Rio Gains Lead in's BidIndex; Chicago Leapfrogs To Second

Thursday’s release of’s BidIndex shows that a shift in momentum is transforming the race – but the competition remains extremely close. The four candidates have earned scores that show they have the potential to win the Olympic bid in this first update since the release of the Evaluation Commission report on the candidates’ bid books and site visits held last spring.

The bid from Rio de Janeiro continued to accelerate and with the biggest BidIndex increase in the field it took over the top spot from Tokyo. Rio scored 61.61, up 1.66 since the last release and putting it at its highest point in his campaign.

Some key elements that helped raise Rio’s score are public support, a realistic budget, the sentimental lure of having the first Olympic Games in South America, and the popularity of the bid’s charismatic leader Carlos Nuzman. The International Olympic Committee’s evaluation report also identified areas of valuable Olympic legacy.

Chicago also marked a significant increase with its BidIndex score moving up 1.64 points to 60.01, lifting the bid up two spots to second place. That reversed a steady decline that the American bid had suffered since the beginning of the campaign.

On a bit of a roller coaster ride, Chicago’s bid announced Wednesday that the city council has approved the Olympic host city contract allowing the Mayor to sign it if the bid is successful. This resolves a major issue regarding financial guarantees, and the development is accounted for in this BidIndex release.

The evaluation report for Chicago was generally positive; however tensions between the IOC and the United States Olympic Committee could remain despite the recent concessions made regarding a new Olympic television network. And while the other bids will send their national leaders to Copenhagen for the final presentations, it seems United States President Barack Obama may not attend. If he does attend, expect Chicago’s score to increase.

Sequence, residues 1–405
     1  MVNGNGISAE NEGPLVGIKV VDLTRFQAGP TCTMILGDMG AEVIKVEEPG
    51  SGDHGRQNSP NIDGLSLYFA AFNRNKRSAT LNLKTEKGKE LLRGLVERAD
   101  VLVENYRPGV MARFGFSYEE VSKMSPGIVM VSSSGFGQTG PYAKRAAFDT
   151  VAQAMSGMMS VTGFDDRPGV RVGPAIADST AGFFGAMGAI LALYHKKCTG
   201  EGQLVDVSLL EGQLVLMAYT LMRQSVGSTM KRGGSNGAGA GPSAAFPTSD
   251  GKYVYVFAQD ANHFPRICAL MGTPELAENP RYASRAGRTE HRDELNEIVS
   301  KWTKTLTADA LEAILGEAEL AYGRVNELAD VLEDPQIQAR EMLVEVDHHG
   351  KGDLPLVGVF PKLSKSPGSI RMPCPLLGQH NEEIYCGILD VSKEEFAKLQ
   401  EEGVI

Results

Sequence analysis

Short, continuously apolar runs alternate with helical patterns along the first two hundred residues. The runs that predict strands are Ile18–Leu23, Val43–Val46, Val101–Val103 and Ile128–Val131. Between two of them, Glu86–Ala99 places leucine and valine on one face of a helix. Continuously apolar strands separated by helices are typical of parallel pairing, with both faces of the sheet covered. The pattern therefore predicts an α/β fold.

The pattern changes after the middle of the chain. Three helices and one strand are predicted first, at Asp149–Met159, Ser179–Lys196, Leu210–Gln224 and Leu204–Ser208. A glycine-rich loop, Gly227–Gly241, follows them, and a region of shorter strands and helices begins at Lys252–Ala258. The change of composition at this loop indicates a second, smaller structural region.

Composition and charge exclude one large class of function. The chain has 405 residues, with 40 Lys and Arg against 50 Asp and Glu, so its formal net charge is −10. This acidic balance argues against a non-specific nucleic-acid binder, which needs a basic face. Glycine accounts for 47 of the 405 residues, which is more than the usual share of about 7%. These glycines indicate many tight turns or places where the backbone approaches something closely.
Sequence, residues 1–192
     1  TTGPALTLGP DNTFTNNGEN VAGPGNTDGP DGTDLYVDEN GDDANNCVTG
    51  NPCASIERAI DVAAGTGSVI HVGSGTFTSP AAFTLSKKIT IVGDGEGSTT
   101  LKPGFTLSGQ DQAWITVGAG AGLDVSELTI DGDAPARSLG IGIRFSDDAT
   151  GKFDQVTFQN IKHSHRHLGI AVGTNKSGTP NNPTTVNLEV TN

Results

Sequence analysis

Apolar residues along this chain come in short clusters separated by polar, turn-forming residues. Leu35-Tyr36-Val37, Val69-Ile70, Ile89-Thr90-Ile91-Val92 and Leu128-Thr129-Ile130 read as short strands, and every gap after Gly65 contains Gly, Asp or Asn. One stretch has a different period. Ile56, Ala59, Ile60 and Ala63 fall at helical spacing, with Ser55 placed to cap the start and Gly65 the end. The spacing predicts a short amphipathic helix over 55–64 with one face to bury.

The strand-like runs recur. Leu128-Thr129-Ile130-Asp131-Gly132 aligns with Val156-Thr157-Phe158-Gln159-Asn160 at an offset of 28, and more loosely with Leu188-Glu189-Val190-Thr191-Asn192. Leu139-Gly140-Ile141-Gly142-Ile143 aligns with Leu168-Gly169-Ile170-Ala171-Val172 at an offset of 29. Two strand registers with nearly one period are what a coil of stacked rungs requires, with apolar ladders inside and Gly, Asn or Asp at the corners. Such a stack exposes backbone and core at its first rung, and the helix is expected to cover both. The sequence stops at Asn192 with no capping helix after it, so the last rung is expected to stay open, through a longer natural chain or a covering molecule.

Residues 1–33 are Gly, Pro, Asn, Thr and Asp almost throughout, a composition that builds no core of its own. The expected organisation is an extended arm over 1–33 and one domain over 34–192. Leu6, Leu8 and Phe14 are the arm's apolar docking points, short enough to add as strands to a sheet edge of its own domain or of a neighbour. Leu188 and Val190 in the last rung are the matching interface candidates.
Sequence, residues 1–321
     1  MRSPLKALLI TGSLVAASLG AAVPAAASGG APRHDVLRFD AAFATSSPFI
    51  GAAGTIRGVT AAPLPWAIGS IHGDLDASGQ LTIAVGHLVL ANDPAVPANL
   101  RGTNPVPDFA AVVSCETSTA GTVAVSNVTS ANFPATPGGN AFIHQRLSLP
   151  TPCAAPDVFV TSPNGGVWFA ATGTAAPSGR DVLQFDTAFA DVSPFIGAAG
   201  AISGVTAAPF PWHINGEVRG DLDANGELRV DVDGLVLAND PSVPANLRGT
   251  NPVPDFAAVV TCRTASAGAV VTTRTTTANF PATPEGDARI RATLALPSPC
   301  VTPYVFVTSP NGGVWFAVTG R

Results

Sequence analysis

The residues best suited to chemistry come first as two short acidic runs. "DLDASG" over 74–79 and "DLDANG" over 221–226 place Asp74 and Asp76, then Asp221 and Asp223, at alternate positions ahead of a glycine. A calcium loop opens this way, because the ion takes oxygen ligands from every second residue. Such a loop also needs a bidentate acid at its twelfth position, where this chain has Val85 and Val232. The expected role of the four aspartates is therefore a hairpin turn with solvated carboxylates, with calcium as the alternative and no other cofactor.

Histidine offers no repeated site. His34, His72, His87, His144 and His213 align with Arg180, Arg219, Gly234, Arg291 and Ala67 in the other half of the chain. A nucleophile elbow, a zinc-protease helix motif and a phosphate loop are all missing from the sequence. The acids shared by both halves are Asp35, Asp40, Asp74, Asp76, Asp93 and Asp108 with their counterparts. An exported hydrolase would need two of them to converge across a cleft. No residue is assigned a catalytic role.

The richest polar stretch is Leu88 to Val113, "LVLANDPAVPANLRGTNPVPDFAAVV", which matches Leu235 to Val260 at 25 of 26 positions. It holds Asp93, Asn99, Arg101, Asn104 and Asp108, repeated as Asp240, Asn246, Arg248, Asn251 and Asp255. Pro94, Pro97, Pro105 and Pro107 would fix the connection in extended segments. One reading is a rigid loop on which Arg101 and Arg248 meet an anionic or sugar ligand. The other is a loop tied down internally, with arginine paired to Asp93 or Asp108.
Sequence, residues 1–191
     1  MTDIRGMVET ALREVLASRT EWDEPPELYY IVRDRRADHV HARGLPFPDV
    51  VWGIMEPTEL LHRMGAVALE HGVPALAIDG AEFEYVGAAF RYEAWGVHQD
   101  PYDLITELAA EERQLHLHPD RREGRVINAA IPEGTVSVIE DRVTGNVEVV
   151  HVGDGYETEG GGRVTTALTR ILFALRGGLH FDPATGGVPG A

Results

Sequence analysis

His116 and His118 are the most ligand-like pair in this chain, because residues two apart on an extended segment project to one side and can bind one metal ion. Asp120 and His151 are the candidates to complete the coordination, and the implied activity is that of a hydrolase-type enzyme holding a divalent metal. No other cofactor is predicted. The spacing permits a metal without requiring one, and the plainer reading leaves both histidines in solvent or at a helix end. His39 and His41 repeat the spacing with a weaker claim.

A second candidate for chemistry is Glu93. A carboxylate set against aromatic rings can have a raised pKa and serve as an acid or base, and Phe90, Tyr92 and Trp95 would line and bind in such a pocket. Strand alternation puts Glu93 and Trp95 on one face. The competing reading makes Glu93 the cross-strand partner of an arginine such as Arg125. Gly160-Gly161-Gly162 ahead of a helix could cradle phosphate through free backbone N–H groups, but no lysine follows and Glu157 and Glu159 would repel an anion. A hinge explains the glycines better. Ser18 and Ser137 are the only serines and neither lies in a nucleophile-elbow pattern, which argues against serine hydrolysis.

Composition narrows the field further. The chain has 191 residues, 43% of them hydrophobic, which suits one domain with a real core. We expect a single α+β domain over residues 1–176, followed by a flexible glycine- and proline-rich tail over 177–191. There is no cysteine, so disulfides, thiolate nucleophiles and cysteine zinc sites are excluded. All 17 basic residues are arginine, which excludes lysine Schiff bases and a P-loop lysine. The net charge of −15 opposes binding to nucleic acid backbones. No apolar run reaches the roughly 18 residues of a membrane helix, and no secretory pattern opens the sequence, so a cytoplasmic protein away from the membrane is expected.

Tokyo’s fortunes have reversed in this release; the Japanese bid dropped from first to third and declined 2.21 points to 59.20 – its lowest point in the campaign. The bid’s earlier momentum has been lost.

The bid received top marks in the IOC’s initial evaluation report; however there is some pointed criticism as a result of this site evaluation. Relatively low public support, a discrepancy in the reported completedness of venues, land allocation for the Olympic Stadium and potentially high hotel rates during Games preparations are among the concerns.

The only repeat bidder in this campaign, Madrid, has fallen back to fourth with a BidIndex score of 57.80, down 0.93 points.

From the beginning, the Spanish bid has had one weakening but static fundamental – it is located in Europe, and it is unlikely the IOC would choose a European host immediately following consecutive European Games in London and Sochi. Madrid has a good plan and excellent public support – but that’s not enough.

The IOC also noticed some organizational difficulties and felt that presentations during a site visit were sub-par.

“The race remains very close, but this BidIndex update offers some resolution. While Rio continues to improve and Chicago reverses its losing trend – the others seem to becoming less of a factor”, explained Producer Robert Livingstone.

“If Chicago can build on recent positive news and continue to gain, this may be a photo finish not unlike London and Paris and 2012. But don’t rule out Tokyo and Madrid just yet.”

In the 2012 bid Paris had the highest BidIndex scores throughout the campaign but London continued to close the gap from update-to-update and pulled off a very close election victory.

BidIndex is a mathematical model developed by that when applied to an Olympic Bid, produces a number that can be used to rate a bid relative to past successful bids – and possibly gauge its potential success. London’s winning 2012 bid had a final BidIndex score of 65.07 while Sochi’s winning 2014 Winter Games bids scored 63.17.

BidIndex is not intended to rate the bids based solely on technical quality, but on how the bids will perform based on IOC voting patterns. History has proven that the best technical bids often do not win but other factors such as geo-politics usually have a significant impact.

The latest results have been released with 21 days remaining until the final vote in Copenhagen on October 2. The bids will have an opportunity to make important final presentations that will likely have an impact on the voting, especially with this close race.

BidIndex may be updated before the election if new information becomes available.

BidIndex Results

Rio – 61.61 (up 1.66)
Chicago – 60.01 (up 1.64)
Tokyo – 59.20 (down 2.21)
Madrid – 57.80 (down 0.93)

Full BidIndex results are available by clicking here.

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